Qualcomm today announced its next wave of chips, purpose-built for AR and VR devices. Unveiled from the stage at Meta Connect (and revealed to us in an embargoed pre-briefing), this one-two punch includes the Snapdragon XR2 Gen 2 and Snapdragon AR1 Gen 1.
In short, the former is meant to power VR and MR devices, while the latter is built for lighter-weight smart glasses. As for the timing, both platforms have been developed in close collaboration with Meta and will commercially debut first on Meta devices (more on that in a bit).
After the Meta-centric debut, both chips will be available and embedded in AR and VR devices from other manufacturers. Qualcomm currently powers 80+ AR and VR devices so it stands to reason that this newest generation of XR-centric chips will quickly elevate to industry standard.
Going deeper on the new platforms, they uplevel Qualcomm’s previous-generation specs across the board. We’re talking processing speed, GPU performance, and other functions in Qualcomm’s XR-focused chips. As a sign of the times, there’s also a heavy dose of AI.
Taking the new chips one at a time, the XR2 Gen 2 boasts 2.5x higher GPU performance and 8x better AI than XR2 Gen 1. It carries a single-chip architecture built for VR and mixed-reality devices that feature high-quality color passthrough video (e.g., Quest Pro, Vive XR Elite).
The XR2 Gen 2 is also built for speed in terms of intended use cases that span gaming, productivity, entertainment, and the widening range of activities seen in mixed-reality devices. And it’s optimized for increasingly thinner and more comfortable headsets, sans external battery packs.
Putting some numbers behind that, XR2 Gen 2 enables resolutions up to 3K per eye, as well as higher-fidelity positional tracking with 8x better on-device AI compared with XR2 Gen 1. Speaking of AI, it supports accelerated computer vision and up to 10 simultaneous inside-out cameras.
Many of these specs point to VR’s evolution towards mixed reality. When adding up the expanded capabilities, it’s evident that XR2 Gen 2 intends to fuel the next batch of VR devices that blend virtual content with full-color physical surroundings via passthrough cameras.
Moving on to XR2 Gen 2’s AR-focused counterpart, the AR1 Gen 1 is the first dedicated processor for smart glasses. Here, the main distinction behind “smart glasses” is highly wearable devices that resemble eyewear as opposed to the “open helmet” format of devices like Hololens 2.
Similar to the AR2 we covered back in November, the AR1 line is purpose-built for AR glasses – in this case lighter and sleeker formats. Gen 1 is the first commercial appearance of that vision, including concrete specs and performance details that we get to see for the first time.
That list includes a premium dual image signal processor (ISP) for pro-grade photos and videos. This is meant to support the use case for first-person multimedia capture. One example, though it’s not necessarily affiliated with AR1, is Apple Vision Pro’s recently demonstrated Spatial Video.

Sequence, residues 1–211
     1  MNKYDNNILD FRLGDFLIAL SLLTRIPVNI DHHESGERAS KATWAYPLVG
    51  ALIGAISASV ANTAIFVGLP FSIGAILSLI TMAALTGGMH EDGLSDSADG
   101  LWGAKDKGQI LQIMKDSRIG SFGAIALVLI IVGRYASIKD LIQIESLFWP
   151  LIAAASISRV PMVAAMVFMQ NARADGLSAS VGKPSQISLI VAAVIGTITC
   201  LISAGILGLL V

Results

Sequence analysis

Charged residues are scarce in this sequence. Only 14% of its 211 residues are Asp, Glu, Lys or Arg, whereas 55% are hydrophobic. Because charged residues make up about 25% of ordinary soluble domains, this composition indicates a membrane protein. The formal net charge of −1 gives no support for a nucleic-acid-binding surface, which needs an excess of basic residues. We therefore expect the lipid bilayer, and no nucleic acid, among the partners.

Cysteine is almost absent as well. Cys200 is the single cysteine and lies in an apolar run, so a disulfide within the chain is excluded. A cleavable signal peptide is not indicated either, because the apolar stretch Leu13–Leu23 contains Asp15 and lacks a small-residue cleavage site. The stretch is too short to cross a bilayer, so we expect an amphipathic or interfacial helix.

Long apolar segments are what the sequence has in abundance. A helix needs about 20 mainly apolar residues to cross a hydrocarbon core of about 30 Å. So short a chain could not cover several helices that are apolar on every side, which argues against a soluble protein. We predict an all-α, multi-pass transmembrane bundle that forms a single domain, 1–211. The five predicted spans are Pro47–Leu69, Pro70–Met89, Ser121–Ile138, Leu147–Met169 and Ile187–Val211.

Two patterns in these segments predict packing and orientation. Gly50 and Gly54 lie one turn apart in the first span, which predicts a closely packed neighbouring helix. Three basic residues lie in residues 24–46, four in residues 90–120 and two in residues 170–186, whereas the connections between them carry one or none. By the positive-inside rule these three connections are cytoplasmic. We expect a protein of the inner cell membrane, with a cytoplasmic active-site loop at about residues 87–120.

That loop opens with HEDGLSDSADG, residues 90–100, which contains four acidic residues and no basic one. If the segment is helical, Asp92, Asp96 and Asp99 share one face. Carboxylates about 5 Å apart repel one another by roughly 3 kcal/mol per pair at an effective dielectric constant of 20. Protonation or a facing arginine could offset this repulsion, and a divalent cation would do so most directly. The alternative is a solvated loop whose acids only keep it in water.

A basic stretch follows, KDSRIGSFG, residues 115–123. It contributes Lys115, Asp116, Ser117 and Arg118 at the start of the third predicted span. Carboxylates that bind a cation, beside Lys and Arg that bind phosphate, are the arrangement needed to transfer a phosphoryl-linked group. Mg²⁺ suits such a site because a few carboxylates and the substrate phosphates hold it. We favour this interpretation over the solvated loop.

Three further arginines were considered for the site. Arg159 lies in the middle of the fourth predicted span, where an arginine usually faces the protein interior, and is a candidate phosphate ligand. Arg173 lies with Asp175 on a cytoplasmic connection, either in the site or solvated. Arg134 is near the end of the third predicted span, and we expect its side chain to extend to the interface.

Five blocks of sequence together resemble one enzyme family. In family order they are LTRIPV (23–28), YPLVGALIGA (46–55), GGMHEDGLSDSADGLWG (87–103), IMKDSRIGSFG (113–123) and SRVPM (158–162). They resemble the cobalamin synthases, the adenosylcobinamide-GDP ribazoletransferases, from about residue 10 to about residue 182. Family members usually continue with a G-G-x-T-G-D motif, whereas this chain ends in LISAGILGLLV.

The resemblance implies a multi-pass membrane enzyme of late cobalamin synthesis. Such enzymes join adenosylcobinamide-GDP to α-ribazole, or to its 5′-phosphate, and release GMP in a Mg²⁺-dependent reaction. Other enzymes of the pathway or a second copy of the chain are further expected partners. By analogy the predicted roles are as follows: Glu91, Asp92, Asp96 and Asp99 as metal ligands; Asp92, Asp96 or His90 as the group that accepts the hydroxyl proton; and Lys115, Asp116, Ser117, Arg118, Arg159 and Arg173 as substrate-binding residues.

The platform also supports up to eight microphones for spatial audio capture that does justice to dimensionally-rich video. As for optics, AR1 Gen 1 supports binocular displays that offer more dimensional line-of-sight content including video, wayfinding, and notifications.
And like XR2 Gen 2, there’s a fair amount of AI at play. Specifically, AR1 Gen 1 supports on-device AI for dynamic image and audio enhancements and real-time language translation. AI also plays a key role in visual search, including a “captions for the physical world” use case.
So there you have it… the latest high water mark in spatial computing platforms has been established by Qualcomm. In that sense, this latest wave of chips future proofs Qualcomm’s efforts with a range of current and near-future standards in VR, AR, and mixed reality.
And it’s already getting started. As noted, Meta will utilize these devices first… and as of today, we know what that will look like. Announced today from the Meta Connect Stage, Quest 3 and Ray Ban Stories 2 will utilize the XR2 Gen 2 and AR1 Gen 1, respectively.
Quest 3 will utilize many XR2 Gen 2 specs noted above for higher-resolution full-color passthrough experiences. Mixed Reality use cases will continue to develop around these capabilities, including consumer and enterprise applications that require situational awareness.
Ray-Ban Stories 2 likewise makes use of AR1 Gen 1’s new firepower, including richer audio and video capture for the device’s livestreaming feature. AR1 Gen 1’s AI capabilities will also fuel the central use case as a visual-search-enabled intelligent assistant for real-world discovery.
Where each platform goes from there is unclear in terms of devices that will adopt and embed them. But it’s a fairly safe bet – going by Qualcomm’s positioning as a standard in XR chips – that both chips will get ample mileage throughout the spatial computing competitive landscape.